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N Engl J Med. 2015 Jan 22;372(4):341-50. doi: 10.1056/NEJMoa1406829. Epub 2015 Jan 7.

TBX6 null variants and a common hypomorphic allele in congenital scoliosis.

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Abstract

BACKGROUND:

Congenital scoliosis is a common type of vertebral malformation. Genetic susceptibility has been implicated in congenital scoliosis.

METHODS:

We evaluated 161 Han Chinese persons with sporadic congenital scoliosis, 166 Han Chinese controls, and 2 pedigrees, family members of which had a 16p11.2 deletion, using comparative genomic hybridization, quantitative polymerase-chain-reaction analysis, and DNA sequencing. We carried out tests of replication using an additional series of 76 Han Chinese persons with congenital scoliosis and a multicenter series of 42 persons with 16p11.2 deletions.

RESULTS:

We identified a total of 17 heterozygous TBX6 null mutations in the 161 persons with sporadic congenital scoliosis (11%); we did not observe any null mutations in TBX6 in 166 controls (P<3.8×10(-6)). These null alleles include copy-number variants (12 instances of a 16p11.2 deletion affecting TBX6) and single-nucleotide variants (1 nonsense and 4 frame-shift mutations). However, the discordant intrafamilial phenotypes of 16p11.2 deletion carriers suggest that heterozygous TBX6 null mutation is insufficient to cause congenital scoliosis. We went on to identify a common TBX6 haplotype as the second risk allele in all 17 carriers of TBX6 null mutations (P<1.1×10(-6)). Replication studies involving additional persons with congenital scoliosis who carried a deletion affecting TBX6 confirmed this compound inheritance model. In vitro functional assays suggested that the risk haplotype is a hypomorphic allele. Hemivertebrae are characteristic of TBX6-associated congenital scoliosis.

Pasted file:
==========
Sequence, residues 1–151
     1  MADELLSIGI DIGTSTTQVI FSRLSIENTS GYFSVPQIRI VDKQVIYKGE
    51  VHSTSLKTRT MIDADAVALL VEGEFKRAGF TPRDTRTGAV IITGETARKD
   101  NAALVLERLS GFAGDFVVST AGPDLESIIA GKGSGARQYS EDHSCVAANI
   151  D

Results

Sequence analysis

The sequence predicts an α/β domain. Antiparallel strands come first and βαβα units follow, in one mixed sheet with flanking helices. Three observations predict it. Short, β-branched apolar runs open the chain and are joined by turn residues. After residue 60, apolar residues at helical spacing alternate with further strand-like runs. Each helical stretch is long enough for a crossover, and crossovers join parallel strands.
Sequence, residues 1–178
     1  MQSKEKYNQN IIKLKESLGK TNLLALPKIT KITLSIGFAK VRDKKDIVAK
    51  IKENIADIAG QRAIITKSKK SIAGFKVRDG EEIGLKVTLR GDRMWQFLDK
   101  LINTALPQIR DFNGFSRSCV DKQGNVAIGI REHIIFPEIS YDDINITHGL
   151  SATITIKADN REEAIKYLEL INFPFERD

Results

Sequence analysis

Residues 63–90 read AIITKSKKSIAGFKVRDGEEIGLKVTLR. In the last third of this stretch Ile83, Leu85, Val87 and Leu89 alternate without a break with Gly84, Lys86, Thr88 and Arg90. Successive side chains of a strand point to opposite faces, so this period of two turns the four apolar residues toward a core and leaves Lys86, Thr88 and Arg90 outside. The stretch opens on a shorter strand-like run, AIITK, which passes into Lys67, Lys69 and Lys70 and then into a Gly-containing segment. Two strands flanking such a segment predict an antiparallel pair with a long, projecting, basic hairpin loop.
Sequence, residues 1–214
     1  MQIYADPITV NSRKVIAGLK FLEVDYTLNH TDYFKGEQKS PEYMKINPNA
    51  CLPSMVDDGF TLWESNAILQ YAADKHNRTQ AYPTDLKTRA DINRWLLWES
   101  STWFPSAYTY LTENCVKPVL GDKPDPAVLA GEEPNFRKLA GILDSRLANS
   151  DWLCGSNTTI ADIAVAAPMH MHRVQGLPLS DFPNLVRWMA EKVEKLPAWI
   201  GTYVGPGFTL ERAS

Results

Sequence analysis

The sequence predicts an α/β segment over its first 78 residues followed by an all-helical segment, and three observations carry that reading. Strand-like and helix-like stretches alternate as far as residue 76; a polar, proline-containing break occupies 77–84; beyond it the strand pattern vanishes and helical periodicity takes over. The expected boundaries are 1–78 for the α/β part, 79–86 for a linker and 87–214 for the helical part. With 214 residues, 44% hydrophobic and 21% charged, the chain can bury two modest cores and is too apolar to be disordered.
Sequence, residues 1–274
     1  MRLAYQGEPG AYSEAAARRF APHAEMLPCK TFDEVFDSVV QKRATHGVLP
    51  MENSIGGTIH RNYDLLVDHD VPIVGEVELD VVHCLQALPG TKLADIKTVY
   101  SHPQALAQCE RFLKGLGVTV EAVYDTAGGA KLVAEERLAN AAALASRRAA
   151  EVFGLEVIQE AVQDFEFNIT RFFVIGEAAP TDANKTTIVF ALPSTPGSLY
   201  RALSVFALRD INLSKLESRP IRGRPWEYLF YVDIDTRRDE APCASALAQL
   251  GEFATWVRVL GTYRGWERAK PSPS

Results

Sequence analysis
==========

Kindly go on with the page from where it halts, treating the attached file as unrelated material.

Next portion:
CONCLUSIONS:

Compound inheritance of a rare null mutation and a hypomorphic allele of TBX6 accounted for up to 11% of congenital scoliosis cases in the series that we analyzed. (Funded by the National Basic Research Program of China and others.).

PMID:
25564734
PMCID:
PMC4326244
DOI:
10.1056/NEJMoa1406829
[Indexed for MEDLINE]
Free PMC Article

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